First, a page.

|Editorial Comment: Grants best way to ensure no one starves|
|Wednesday, 08 August 2012 00:00|
Each has its inefficiencies and distortions.
Subsidies, which the colonial regimes initiated, are perhaps the most inefficient and the most distorting. One problem is that the rich are subsidised to a far greater extent than the poor, simply because they can afford more of the subsidised products. The second is that some families do not have even enough money to buy the minimum amount of the subsidised goods, so are not helped at all.
And finally, there is always someone who finds the angle, either cornering the market when subsidised goods are scarce, as they are likely to be, buying them up cheap and selling them dear or introducing huge and expensive distortions into an economy that eventually drives prices up for everyone.
We have all heard of farmers in the 1980s who sold their maize at the market price and bought subsidised maize meal to feed their pigs. We all know about Nigeria’s petrol shortages caused by dealers selling subsidised petrol across porous borders.
Markets have their own problems, but at least they reward honesty and make a lot of cheating impossible.
Food hand-outs for the weak and elderly were a much better idea. At least those who needed food, and who could not afford to buy it, did not starve. But the system was inflexible.
Perhaps a family needed a different mix of food than was in the parcel; perhaps they wanted a different type of food. And again there were other distortions. Big producers and truckers made money but local businesses and shop-keepers lost out badly and may even have had to join the hand-out families.
Food for work was hurriedly modified to give modest cash payments to those on public works in food short areas. This worked a lot better than handing out bags of meal and since the wages were so low only the desperate wanted to join; the element of corruption was almost eliminated.
This is why the new system of giving the most desperately poor families tiny grants of US$10 to US$25 a month, is so much better.
This is roughly what the food hand-outs to the same families used to cost, so there is no extra expense to either donors or the Government. But the family, and these families are either grandparents bringing up grandchildren or orphaned teenagers bringing up their younger siblings, can at least make some decisions of what basic needs have to be met each day.
It treats people as responsible people, so preserves at least a shred of dignity, and it does not distort the local community or local economy.
As safety nets go it is exceptionally basic; it is not an attempt to equalise incomes or even to provide a decent standard of living.
It is there to stop people from starving and even then assumes that these same people grow their own vegetables and probably keep chickens, do odd jobs, and receive some extra help from friends, families and neighbours. But it is a start and it appears to be affordable.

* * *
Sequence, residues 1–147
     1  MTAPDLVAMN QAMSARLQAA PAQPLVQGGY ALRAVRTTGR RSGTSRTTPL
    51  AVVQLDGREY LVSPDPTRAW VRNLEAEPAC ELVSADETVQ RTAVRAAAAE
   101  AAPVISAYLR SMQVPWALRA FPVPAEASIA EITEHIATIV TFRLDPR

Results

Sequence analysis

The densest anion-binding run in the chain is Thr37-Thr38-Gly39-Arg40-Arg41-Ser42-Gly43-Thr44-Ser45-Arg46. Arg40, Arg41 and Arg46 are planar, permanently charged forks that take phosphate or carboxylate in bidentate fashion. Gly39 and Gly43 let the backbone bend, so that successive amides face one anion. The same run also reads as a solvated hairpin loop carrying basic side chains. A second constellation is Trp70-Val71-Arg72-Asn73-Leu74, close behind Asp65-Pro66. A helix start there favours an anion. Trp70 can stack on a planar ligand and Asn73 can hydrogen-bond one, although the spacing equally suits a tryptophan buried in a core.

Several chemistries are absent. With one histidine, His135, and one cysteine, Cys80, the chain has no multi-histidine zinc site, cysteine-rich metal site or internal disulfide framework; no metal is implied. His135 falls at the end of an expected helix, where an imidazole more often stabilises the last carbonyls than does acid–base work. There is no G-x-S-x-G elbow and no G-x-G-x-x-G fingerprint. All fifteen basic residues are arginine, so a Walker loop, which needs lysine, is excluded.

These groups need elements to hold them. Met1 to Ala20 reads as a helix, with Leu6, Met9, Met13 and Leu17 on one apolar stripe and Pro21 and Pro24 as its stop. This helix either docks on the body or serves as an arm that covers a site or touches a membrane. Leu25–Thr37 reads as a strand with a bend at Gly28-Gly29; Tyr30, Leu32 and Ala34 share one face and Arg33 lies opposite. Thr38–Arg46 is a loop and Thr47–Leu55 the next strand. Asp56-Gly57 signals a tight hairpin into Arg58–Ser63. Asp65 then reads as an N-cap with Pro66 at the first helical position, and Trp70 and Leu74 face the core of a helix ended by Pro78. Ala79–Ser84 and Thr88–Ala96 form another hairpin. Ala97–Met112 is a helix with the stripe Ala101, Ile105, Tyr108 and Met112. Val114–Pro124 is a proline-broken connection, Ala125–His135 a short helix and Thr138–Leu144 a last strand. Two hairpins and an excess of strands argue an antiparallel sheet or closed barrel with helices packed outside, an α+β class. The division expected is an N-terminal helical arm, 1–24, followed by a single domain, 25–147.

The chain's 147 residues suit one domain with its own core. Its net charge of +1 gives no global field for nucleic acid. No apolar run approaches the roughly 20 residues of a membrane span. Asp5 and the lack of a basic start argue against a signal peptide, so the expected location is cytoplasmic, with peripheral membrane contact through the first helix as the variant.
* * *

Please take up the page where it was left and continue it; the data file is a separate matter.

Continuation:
Just as important, the Ministry of Labour and Social Services ties the same families into other basic-help schemes, such as Beam (Basic Education Assistance Module) for school fees. There is no double listing or double testing of means; administrative costs are kept low.
Some worry that there could be corruption, that some could cheat and get help when there are others who are more deserving.
Welfare cheats are a nuisance in all countries, but from Zimbabwe’s experiences with free food and Beam we seem to have hit on a system, involving community nominations, that keeps this at exceptionally low levels.
Most communities know who needs help the most.
We have all heard of those unsung heroes who find a bit of extra food for orphans down the road, who give odd jobs to the old widower bringing up his grandchildren, who buy their tomatoes from the old lady trying to support a child.
We can rely on these people to expose cheats and ensure that the most deserving receive the tiny help now available. You would have to be a very brave cheat to face the wrath of your average parish Mothers Union or its equivalent.
The problem is likely to be different, of finding enough money to help all who qualify.
Beam has shown that more children need help than there is money to help them and those who list the names are sometimes almost in tears as they have to refuse families who are not totally destitute, but who should be helped.
So far the system, in the 10 pilot districts, is working. We now need to expand it as fast as we can find the money.
It is not perfect, but it is important, it does work, it does not cost much, and for these destitute families without an able-bodied adult breadwinners, it does save lives.